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Sunday Morning – February 7, 1937

Dearest:

I was delighted to find your letter at the breakfast table this morning, and the news cheered me still more. Your first day as a business-woman-with-a- family-to-support sounded too good to be true. I should have sent you a special today, though I had no news. FOE will be here tomorrow morning, so I could have come up this weekend, but next week will be better. One reason I didn’t come was that I unfortunately mentioned it at lunch with CW and Bob, and she made plans at once for them to go to Washington with me. I am going to have to find a different place for lunch – she is getting too conspicuous. Another reason is that I am getting a lot of stuff together for FOE to go over in the 3 days that he will be here. A note from EOG yesterday says there is a years’ work in California, but they haven’t signed up yet.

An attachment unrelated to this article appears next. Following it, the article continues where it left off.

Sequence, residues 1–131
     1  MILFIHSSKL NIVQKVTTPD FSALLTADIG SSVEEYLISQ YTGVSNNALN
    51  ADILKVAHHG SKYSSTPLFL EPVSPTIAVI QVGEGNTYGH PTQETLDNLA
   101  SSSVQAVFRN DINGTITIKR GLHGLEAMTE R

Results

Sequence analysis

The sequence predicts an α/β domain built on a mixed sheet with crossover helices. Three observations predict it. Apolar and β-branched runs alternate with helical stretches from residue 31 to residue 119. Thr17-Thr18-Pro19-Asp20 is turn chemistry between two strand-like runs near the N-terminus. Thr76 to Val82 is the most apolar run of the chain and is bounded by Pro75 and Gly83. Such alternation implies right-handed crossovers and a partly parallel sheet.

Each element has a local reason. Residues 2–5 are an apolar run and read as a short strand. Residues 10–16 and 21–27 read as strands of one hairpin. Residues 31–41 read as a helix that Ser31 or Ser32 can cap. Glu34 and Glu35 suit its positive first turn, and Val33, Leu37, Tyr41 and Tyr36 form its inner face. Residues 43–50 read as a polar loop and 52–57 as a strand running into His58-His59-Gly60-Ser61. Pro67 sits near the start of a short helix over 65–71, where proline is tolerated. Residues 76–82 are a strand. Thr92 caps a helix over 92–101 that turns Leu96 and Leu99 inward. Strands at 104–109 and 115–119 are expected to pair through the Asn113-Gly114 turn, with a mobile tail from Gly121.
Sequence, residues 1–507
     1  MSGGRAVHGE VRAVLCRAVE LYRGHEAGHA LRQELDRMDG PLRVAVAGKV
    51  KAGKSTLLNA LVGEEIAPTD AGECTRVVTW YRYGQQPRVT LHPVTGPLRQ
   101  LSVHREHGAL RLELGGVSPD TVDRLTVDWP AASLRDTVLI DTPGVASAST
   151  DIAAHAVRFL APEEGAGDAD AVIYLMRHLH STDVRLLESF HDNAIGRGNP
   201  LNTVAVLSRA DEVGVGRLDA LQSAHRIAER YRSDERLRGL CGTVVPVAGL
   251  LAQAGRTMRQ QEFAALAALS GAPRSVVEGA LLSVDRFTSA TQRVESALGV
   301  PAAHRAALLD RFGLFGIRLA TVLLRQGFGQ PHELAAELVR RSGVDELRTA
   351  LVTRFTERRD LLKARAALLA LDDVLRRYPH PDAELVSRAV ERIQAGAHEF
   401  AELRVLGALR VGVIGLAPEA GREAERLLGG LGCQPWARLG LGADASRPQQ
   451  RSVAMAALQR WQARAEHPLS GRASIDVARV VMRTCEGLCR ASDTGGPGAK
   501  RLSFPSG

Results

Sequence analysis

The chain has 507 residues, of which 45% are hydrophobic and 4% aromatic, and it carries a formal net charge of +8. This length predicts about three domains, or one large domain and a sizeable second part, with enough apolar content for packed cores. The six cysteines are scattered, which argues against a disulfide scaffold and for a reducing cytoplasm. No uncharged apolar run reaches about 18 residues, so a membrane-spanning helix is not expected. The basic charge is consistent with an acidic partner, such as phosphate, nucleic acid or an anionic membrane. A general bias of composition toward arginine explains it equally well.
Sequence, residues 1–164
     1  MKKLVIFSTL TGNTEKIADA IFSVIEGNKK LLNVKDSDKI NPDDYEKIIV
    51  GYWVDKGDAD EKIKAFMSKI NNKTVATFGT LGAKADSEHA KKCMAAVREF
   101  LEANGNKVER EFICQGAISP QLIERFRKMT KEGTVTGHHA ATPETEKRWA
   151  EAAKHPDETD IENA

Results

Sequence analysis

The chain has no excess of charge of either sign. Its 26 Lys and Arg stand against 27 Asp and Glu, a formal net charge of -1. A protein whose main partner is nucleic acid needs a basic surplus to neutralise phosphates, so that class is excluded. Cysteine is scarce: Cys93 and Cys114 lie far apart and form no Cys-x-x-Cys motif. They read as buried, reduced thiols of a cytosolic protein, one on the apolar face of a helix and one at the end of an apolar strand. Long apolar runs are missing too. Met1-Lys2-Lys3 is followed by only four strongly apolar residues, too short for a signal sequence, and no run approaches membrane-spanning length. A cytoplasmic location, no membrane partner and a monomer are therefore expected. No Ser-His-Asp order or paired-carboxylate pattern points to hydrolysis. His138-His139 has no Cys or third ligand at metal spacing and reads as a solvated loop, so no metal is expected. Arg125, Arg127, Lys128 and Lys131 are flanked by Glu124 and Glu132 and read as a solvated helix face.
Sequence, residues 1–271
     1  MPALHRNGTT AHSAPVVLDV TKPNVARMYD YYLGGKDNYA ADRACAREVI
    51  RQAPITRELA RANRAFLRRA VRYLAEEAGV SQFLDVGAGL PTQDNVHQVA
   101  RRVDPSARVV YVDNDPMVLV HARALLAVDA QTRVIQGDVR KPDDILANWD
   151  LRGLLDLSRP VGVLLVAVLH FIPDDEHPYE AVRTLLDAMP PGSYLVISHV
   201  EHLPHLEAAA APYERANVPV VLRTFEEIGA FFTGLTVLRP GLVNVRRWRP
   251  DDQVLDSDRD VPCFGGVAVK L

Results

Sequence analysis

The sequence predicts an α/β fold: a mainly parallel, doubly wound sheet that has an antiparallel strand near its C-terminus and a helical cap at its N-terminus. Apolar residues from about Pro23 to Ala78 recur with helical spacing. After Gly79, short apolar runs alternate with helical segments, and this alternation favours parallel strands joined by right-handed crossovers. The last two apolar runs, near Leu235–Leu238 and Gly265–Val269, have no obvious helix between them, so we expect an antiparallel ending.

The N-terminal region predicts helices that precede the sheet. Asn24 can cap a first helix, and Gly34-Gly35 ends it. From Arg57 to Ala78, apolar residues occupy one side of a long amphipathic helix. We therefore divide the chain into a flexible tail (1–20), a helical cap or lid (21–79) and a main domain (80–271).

We are getting along fairly well here, and after several days of getting adjusted to boarding house life and long hours, I feel very well. I thought for a few days my eyes were going bad, but I can still keep them working by walking to and from work and getting lots of sleep.

We must try to arrange for Bry to go to school unless you find he can be happy otherwise. Are there any playgrounds or parks nearby? I do hope Daisy is as good as she seems and that she will stay. You didn’t tell me where you got her.

The bank statement came this morning, and I am sending it on without looking at it.

I have written three checks so far:

2/4 C&P telephone  $1.20

2/4 Royal typewriter $4.00

2/6 Cash $10.00

Send me your telephone number so I can warn you if I decide suddenly to run up.

All my love,

Joe

In handwritten pencil is the following message

I am sending you Kolbe’s reply to my letter. If you want me to handle it send the letter back and tell me what to do.